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  • Fitness and sporting industry employees

    If you’re an employee in the fitness or sporting industry it pays to learn what you can claim.

    To claim a deduction for work-related expenses:

    • you must have spent the money yourself and weren't reimbursed
    • it must directly relate to earning your income
    • you must have a record to prove it. (See Note)

    You can only claim the work-related part of expenses. You can't claim a deduction for any part of the expense that relates to personal use.

    Note: You can use the myDeductions tool in the ATO app to keep track of your expenses and receipts throughout the year.

    Travel expenses

    You can claim a deduction for travel expenses if you travel away from your home overnight in the course of performing your employment duties – for example, travelling interstate to attend a conference. This could include expenses for meals, accommodation, fares and incidentals.

    You can’t claim a deduction for travel expenses if employer or another person has paid for these or reimbursed you.

    Receiving an allowance from your employer doesn’t mean you can automatically claim a deduction. You need to be able to show you were away overnight, you spent the money, and the travel was directly related to earning your employment income.

    Tools and equipment

    You can claim a deduction for tools or equipment you use in earning your employment income, such as exercise equipment. If a tool or item of work equipment costs.

    • $300 or less – you can claim an immediate deduction for the whole cost.
    • more than $300 – you can claim a deduction for the cost over a number of years (decline in value)

    You can’t claim a deduction if the tools and equipment that are supplied by your employer or another person.

    Health and fitness costs

    You can’t claim a deduction for the cost of health and fitness, because these expenses are considered private. This includes:

    • gym fees
    • the cost of a program specifically designed to manage weight
    • the cost of normal food substitutes or the costs of foods for special dietary purposes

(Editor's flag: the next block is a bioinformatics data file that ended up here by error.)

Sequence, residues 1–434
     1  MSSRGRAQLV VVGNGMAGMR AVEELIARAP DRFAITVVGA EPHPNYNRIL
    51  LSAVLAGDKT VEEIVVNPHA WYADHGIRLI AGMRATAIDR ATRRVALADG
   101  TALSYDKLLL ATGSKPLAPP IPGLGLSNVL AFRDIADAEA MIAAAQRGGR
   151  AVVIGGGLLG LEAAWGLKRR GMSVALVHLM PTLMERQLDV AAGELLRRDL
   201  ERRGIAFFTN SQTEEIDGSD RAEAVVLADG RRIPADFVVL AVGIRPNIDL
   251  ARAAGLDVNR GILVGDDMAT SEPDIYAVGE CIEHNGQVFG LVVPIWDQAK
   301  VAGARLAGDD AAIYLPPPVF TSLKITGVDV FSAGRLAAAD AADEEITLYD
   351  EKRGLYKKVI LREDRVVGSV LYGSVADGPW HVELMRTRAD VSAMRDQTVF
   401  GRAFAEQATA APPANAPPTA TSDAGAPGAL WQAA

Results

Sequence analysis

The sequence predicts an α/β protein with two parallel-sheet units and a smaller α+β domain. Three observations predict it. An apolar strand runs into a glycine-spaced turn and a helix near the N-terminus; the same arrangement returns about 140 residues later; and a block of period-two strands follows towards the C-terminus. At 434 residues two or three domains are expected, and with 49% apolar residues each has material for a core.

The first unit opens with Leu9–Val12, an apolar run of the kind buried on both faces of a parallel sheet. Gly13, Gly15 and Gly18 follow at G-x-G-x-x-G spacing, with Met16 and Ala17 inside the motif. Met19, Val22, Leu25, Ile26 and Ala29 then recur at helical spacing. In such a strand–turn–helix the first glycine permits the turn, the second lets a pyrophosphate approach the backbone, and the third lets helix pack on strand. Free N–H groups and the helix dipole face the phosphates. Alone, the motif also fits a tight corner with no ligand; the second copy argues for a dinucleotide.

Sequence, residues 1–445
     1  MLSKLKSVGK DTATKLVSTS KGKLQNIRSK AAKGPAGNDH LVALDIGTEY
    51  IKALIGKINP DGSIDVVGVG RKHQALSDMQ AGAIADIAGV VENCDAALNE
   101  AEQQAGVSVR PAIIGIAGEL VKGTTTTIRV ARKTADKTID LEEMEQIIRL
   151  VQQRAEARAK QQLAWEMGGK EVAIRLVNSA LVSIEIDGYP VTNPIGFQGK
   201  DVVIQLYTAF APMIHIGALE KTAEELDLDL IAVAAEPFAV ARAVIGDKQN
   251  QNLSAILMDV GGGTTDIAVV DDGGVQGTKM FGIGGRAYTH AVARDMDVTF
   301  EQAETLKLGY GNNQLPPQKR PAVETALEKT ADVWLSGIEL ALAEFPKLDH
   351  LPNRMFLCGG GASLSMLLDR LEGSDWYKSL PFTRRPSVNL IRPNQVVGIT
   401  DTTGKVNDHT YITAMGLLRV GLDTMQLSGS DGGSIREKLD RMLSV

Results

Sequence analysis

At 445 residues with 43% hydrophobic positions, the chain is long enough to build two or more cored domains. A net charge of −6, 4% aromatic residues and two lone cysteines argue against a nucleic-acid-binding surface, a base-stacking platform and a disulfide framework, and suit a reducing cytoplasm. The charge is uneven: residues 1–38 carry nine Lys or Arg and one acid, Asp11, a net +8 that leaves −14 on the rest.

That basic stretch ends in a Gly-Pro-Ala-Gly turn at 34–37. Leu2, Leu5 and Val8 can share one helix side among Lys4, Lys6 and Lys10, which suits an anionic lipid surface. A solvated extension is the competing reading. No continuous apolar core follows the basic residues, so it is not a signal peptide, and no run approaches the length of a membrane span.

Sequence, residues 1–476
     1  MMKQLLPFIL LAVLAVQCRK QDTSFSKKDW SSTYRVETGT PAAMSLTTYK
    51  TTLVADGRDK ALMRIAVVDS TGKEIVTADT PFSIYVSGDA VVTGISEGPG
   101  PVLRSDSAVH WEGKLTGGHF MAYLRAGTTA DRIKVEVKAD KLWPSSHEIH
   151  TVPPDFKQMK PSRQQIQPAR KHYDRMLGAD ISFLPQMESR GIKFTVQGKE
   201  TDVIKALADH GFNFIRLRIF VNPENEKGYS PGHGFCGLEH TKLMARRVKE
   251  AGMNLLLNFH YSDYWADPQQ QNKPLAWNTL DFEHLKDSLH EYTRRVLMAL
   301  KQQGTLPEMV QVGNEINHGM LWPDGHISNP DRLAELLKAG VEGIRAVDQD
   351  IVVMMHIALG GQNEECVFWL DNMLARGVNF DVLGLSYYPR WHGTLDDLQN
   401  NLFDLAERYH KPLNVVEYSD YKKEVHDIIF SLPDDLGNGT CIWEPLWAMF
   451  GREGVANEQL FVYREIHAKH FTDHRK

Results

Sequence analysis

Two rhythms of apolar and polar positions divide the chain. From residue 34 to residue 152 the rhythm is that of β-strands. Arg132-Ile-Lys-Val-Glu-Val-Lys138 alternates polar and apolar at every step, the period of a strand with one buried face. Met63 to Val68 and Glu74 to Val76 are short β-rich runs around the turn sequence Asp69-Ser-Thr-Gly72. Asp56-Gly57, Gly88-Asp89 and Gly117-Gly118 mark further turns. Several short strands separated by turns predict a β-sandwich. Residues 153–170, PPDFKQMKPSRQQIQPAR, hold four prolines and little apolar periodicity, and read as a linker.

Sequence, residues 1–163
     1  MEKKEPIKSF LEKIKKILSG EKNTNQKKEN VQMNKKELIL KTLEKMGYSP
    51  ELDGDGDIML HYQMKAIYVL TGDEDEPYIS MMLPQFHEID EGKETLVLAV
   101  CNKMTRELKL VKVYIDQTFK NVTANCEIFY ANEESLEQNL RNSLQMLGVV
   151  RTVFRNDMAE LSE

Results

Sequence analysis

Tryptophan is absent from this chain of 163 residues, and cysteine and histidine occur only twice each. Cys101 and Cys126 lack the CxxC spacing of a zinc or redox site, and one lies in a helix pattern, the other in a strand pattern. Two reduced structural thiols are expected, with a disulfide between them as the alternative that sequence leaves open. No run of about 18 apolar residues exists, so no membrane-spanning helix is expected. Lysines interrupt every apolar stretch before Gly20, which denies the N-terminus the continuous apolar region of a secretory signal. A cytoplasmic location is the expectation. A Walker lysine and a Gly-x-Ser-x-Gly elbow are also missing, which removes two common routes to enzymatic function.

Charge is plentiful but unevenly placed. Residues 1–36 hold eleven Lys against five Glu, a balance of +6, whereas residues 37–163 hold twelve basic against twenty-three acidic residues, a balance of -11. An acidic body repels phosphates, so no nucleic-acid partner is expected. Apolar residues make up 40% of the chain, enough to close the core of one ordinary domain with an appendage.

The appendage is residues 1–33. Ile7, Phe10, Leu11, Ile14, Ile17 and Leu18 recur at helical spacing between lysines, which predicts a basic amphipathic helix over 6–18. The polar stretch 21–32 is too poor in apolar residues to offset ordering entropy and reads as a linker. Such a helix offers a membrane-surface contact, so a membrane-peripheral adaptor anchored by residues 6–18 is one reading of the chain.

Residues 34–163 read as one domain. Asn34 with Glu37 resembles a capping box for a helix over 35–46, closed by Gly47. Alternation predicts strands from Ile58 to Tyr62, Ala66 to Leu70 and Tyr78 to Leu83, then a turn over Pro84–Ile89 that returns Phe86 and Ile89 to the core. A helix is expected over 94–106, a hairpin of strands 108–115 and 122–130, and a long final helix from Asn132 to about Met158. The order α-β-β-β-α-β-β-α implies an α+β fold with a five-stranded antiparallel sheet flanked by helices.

• the cost of vitamins, minerals, or sports supplements, such as protein shakes.

    Car expenses

    You can claim a deduction when you drive:

    • between separate jobs on the same day (for example, driving from a gym that you work at directly to your second job as a football umpire)
    • to and from an alternate workplace for the same employer on the same day (for example, between personal training venues or gyms).

    You generally can’t claim the cost of trips between home and work, even if you live a long way from your workplace or have to work irregular hours.

    If you claim car expenses, you can use the logbook method or the cents per kilometre method. If you use the logbook method, you need to keep a logbook to determine the percentage of work-related use for your car. If you use the cents per kilometre method, you need to provide a calculation of your work-related kilometres and be able to demonstrate that those kilometres were work-related.

    Clothing expenses and laundry

    You can claim a deduction for the cost of buying, hiring, mending or cleaning certain uniforms that are unique and distinctive to your job.

    You can’t claim a deduction for the cost of buying or cleaning conventional or general exercise clothing (for example, active wear, tracksuits or sports shoes), even if you only wear it while preforming your employment duties.

    Self-education expenses

    You can claim a deduction for self-education expenses if your study relates directly to your current job.

    You can’t claim a deduction if your study is only related in a general way or is designed to help you get a new job. For example, you can't claim the cost of study to enable you to move from being a personal trainer to a myotherapist.

    Other expenses

    As long as the expenses relate to your employment in the fitness and sporting industry, you can claim a deduction for the work-related portion of the cost of:

    • phone and internet usage
    • union and professional association fees
    • sunscreen and other sun protection items if your employment requires you to perform your duties for sustained periods in the sun.

    See also

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      Last modified: 15 Oct 2021QC 59240